Air wildfire sampling

Background: The wildfires in Oregon in September created hazardous air days in the Corvallis area. Many people were advised to stay indoors to protect themselves from the air pollution. But was the indoor air quality any better?

To address this question, 4 air samples were collected using the UPAS V2 Personal Aerosol Sampler on September 10-11, 2020 in Corvallis, Oregon when the town was inundated by wildfire smoke. The samplers collected fine particulate matter (PM2.5). Two sets of paired samples (indoor and outdoor) were taken with different sampler settings (cycling and no-cycling). Cycling is a technique by which the sampler turns on and off every 30 seconds. This is to prevent the filter from becoming overloaded (e.g. clogged) during high concentration events and to prolong the battery life of the sampler. Overloaded filters compromise the air flow through the filter and subsequently will not provide an accurate measurement (e.g. tend to under-estimate the actual concentration). The data from these samples is presented in Table 1.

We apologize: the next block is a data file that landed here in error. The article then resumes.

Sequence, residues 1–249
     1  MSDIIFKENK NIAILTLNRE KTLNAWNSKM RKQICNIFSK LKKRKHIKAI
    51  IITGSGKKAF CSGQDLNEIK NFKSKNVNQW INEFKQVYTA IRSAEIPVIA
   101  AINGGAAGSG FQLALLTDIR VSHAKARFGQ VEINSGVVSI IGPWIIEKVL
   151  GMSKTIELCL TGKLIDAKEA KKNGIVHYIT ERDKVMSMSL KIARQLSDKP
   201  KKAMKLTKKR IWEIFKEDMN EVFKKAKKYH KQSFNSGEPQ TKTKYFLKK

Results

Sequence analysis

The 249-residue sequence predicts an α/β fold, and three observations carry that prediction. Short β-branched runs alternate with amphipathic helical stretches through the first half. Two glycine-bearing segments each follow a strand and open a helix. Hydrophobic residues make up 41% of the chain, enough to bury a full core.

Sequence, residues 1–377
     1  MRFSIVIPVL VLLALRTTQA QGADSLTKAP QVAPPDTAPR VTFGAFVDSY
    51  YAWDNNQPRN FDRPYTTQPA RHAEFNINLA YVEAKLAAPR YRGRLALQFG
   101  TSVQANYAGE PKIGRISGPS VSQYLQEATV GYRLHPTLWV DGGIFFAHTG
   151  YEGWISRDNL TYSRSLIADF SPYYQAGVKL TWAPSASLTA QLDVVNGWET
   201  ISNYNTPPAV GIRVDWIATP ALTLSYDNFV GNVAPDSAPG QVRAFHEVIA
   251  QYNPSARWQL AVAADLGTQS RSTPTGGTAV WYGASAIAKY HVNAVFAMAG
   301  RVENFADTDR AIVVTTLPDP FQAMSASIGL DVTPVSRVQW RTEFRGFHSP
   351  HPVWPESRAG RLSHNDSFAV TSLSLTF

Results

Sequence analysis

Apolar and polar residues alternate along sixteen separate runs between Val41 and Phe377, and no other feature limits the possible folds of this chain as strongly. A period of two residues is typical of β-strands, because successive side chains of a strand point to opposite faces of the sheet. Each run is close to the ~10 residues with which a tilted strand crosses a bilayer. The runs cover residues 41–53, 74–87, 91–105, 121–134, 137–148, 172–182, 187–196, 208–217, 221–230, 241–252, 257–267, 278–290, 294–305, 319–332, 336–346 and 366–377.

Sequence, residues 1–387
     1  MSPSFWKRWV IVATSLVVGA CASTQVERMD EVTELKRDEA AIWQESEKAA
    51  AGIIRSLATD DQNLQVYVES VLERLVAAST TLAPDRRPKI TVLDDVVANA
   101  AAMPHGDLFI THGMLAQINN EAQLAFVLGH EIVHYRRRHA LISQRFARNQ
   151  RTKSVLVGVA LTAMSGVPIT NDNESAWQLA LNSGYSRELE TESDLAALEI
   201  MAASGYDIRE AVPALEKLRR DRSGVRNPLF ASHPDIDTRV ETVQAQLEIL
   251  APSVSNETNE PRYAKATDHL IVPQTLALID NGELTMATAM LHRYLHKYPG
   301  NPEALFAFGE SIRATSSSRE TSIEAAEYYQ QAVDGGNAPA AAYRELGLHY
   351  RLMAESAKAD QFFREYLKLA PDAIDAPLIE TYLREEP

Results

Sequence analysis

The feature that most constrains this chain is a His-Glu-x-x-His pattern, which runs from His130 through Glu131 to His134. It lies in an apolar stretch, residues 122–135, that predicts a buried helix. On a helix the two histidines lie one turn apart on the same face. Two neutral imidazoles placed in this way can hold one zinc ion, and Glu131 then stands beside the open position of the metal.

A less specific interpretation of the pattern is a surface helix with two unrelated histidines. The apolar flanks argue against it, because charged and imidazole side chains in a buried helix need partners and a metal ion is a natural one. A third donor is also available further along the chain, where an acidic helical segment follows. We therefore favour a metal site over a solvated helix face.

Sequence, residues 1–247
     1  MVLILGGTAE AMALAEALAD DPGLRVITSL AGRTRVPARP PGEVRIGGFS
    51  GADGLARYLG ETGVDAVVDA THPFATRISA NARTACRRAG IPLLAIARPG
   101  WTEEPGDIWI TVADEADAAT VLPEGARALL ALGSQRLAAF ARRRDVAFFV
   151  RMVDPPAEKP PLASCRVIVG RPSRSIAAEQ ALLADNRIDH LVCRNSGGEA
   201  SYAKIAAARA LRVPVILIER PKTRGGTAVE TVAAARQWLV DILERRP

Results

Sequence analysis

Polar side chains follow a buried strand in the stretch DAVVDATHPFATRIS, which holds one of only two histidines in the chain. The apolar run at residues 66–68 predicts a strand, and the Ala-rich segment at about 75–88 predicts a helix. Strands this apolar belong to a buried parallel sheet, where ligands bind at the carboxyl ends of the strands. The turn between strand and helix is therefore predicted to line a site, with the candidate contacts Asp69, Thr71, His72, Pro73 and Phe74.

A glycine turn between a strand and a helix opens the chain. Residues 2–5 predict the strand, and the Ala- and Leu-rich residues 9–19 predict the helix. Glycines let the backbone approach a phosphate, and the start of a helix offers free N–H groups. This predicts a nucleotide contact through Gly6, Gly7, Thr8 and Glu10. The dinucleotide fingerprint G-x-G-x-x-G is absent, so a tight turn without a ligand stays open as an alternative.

The UPAS V2 Personal Aerosol Sampler is a new, low cost sensor that was designed to support citizen science projects. It uses gravimetric methodology and cyclones to collect particulate matter on a filter. Since it is new technology, it was been tested against EPA reference method samplers for gravimetric analysis of PM2.5 across a broad range of concentrations (Volckens et al. (2017) Development and evaluation of an ultrasonic personal aerosol sampler. Indoor Air, 27(2):409-416.)

Sample Solution

ACED ESSAYS